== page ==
Because there is little sun along this route, it makes an ideal scramble during the summer when temperatures are frying the Valley floor along with the hikers on the Yosemite Falls Trail.

Winter brings another angle to this route. Because it is north-facing, the gully is usually filled with snow starting in December, and rarely melts out until spring even in dry years. The route has been skied, but be warned that in the best skiing conditions it is also an avalanche hazard. Once consolidated, the snow can be very hard (crampons, axe recommended). A climb to Glacier Point in winter can be very rewarding. While you will still see visitors (it is a popular ski tour from Badger Pass), they are much fewer, and the views of the high country blanketed in winter white is worth the climb. It is actually faster and easier to climb to Glacier Point from Curry Village via this route than to ski from Badger Pass (11 miles one way!)

Winter temperatures can be very chilly, and you should carry warm clothing. The entire route sees the sun for only a short period of time each day. The ledge sees the sun right after sunrise for about an hour, the gully sees the sun for about an hour around noon.

Essential Gear

Sturdy shoes in summer; axe, crampons, & warm clothes in winter if snow is present.

Miscellaneous Info

If you have information about this route that doesn't pertain to any of the other sections, please add it here.

Additions and CorrectionsPost an Addition or Correction

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DayHiker2011 - Mar 12, 2011 10:16 pm - Voted 10/10

Ledge Trail History

Bob, Great essay that you wrote on the Ledge Trail above Curry Village in Yosemite. I wanted to point out that I first became aware of the trail while reading the book titled, "Off the Ledge: Death in Yosemite." Its written by a retired US Forest Ranger who compiled all the fatalities from all the various categories (falls, drownings, murder, suicides, etc). In his book, he explained that the Ledge Trail was originally used by the local Indians back in the mid 1800's. It was a natural pathway back then. The Forest Service improved the trail with markings and some maintenance. However, so many hikers fell to their deaths from the literal ledge that the rangers initially closed the trail to downhill hikers as most accidents happen when moving downward. But, that only partially alleviated the deaths so the rangers closed the trail altogether in the 1920's I think it was. Yet, to the present day, hiker-climbers such as yourself continue to traverse whats left of the trail as a challenge. Ironically, the trail crosses directly above and behind the mountaineering school there in Curry Village. I spoke to a woman who worked there about the trail and her eyes grew large with fear as she thought I planned to hike it. I'm not sure how the rangers enforce the "closure" when they can see hikers up there, but apparently its not a strict enforcement. Anyway, you stated that the trail was closed due to rock falls and I wanted to clarify what the retired Yosemite ranger had written in his book regarding the closures as a direct result of people falling to their deaths.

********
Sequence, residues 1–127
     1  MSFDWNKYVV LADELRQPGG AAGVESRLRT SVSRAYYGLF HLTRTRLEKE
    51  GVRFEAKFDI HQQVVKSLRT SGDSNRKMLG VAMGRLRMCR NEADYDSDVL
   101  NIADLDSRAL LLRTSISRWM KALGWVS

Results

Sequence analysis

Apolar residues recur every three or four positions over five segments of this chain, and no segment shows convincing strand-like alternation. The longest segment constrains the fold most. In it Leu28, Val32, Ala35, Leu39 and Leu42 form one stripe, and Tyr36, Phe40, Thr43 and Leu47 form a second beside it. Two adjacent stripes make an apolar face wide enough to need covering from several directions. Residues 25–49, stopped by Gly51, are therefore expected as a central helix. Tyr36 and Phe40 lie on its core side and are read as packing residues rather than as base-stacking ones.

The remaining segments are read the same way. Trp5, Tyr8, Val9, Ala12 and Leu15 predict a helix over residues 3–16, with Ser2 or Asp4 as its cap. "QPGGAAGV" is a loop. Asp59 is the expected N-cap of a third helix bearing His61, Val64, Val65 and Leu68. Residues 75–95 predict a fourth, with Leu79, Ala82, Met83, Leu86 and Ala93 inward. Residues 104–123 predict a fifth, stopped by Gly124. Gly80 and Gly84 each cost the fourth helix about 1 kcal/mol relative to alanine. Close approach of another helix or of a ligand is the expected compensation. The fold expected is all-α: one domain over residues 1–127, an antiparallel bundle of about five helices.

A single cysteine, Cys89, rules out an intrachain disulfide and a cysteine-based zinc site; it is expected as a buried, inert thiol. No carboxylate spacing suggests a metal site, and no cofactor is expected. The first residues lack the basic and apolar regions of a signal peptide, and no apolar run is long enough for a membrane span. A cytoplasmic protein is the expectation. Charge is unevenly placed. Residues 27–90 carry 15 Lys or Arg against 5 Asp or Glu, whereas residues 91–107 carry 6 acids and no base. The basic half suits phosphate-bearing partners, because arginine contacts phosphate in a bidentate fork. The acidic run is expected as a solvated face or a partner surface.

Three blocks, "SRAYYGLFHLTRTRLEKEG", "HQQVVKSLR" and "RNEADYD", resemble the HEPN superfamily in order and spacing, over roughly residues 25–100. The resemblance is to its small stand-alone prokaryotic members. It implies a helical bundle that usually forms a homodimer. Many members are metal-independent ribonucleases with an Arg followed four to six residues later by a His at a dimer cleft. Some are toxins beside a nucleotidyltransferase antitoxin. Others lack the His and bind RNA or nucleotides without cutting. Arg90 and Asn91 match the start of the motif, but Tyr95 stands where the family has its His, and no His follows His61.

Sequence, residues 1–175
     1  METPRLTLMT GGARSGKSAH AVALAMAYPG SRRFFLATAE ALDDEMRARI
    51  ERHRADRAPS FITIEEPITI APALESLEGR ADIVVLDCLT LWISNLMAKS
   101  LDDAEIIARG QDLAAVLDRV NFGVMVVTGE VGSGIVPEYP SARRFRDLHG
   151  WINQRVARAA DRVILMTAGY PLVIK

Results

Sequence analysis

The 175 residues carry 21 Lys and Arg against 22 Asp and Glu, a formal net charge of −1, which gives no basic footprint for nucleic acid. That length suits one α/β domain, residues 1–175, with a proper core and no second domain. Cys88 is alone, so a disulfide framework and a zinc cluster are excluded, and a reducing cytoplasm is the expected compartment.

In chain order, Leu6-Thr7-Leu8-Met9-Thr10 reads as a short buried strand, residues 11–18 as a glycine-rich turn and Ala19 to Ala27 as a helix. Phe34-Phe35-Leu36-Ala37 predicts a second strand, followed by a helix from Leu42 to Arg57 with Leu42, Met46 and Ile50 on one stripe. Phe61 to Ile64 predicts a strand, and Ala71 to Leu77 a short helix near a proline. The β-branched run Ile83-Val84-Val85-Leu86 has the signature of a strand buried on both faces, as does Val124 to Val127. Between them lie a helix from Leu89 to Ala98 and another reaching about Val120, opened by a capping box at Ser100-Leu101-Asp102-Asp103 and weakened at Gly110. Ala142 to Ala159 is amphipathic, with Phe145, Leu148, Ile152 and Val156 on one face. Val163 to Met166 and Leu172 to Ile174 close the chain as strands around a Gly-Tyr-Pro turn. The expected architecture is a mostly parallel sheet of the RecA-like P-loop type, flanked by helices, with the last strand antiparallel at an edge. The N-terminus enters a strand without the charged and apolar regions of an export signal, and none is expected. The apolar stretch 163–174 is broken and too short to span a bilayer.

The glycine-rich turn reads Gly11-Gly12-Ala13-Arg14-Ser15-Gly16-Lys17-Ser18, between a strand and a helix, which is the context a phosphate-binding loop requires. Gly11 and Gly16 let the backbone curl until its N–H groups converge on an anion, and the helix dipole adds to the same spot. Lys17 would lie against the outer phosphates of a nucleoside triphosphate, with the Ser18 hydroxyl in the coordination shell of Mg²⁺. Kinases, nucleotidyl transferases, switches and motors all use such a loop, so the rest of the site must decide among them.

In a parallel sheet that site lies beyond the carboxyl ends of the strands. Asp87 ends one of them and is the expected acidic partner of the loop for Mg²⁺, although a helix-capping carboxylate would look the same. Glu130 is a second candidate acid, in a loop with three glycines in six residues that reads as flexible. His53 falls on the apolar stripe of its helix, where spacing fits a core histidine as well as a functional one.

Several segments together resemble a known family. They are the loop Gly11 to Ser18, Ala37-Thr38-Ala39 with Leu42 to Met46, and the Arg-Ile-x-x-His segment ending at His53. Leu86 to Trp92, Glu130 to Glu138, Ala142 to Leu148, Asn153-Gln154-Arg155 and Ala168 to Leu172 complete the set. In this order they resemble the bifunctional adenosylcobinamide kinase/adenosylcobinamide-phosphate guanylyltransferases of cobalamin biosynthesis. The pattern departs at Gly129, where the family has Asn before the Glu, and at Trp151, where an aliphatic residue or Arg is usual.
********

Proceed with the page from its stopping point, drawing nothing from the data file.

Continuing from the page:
Bob Burd

Bob Burd - Jul 18, 2013 11:17 pm - Hasn't voted

Re: Ledge Trail History

I just finished reading the same book which counted 14 deaths on the trail. Some corrections to your posting - I don't think it was ever an Indian trail. The text says it was used as early as 1870, but that was well after the white folk came in and kicked out the Indians. The trail was not closed until the 1960's, I believe, the text stating that in 1952 downhill travel was prohibited. I still suspect that rockfall damage played at least as important a role in closing it, but certainly it was well-known to the Park Service as a dangerous route.

DayHiker2011 - Mar 27, 2016 9:37 pm - Voted 10/10

Re: Ledge Trail History

Long absence! I just came back on and its March 2016. I don't have the book handy as I loaned it out. But I specifically recall that the author said the trail was originally used by the local Indians. I know its popular to bring in the atrocities of the white settlers, but in this case, the Indians were using the trail first. According to the book. In any case, I'd not try it. I'm afraid of heights in such a big way that the entire globe moves around as I look out near any exposed fall area.

Marc&KT - Sep 29, 2014 3:43 pm - Hasn't voted

Ledge Trail Update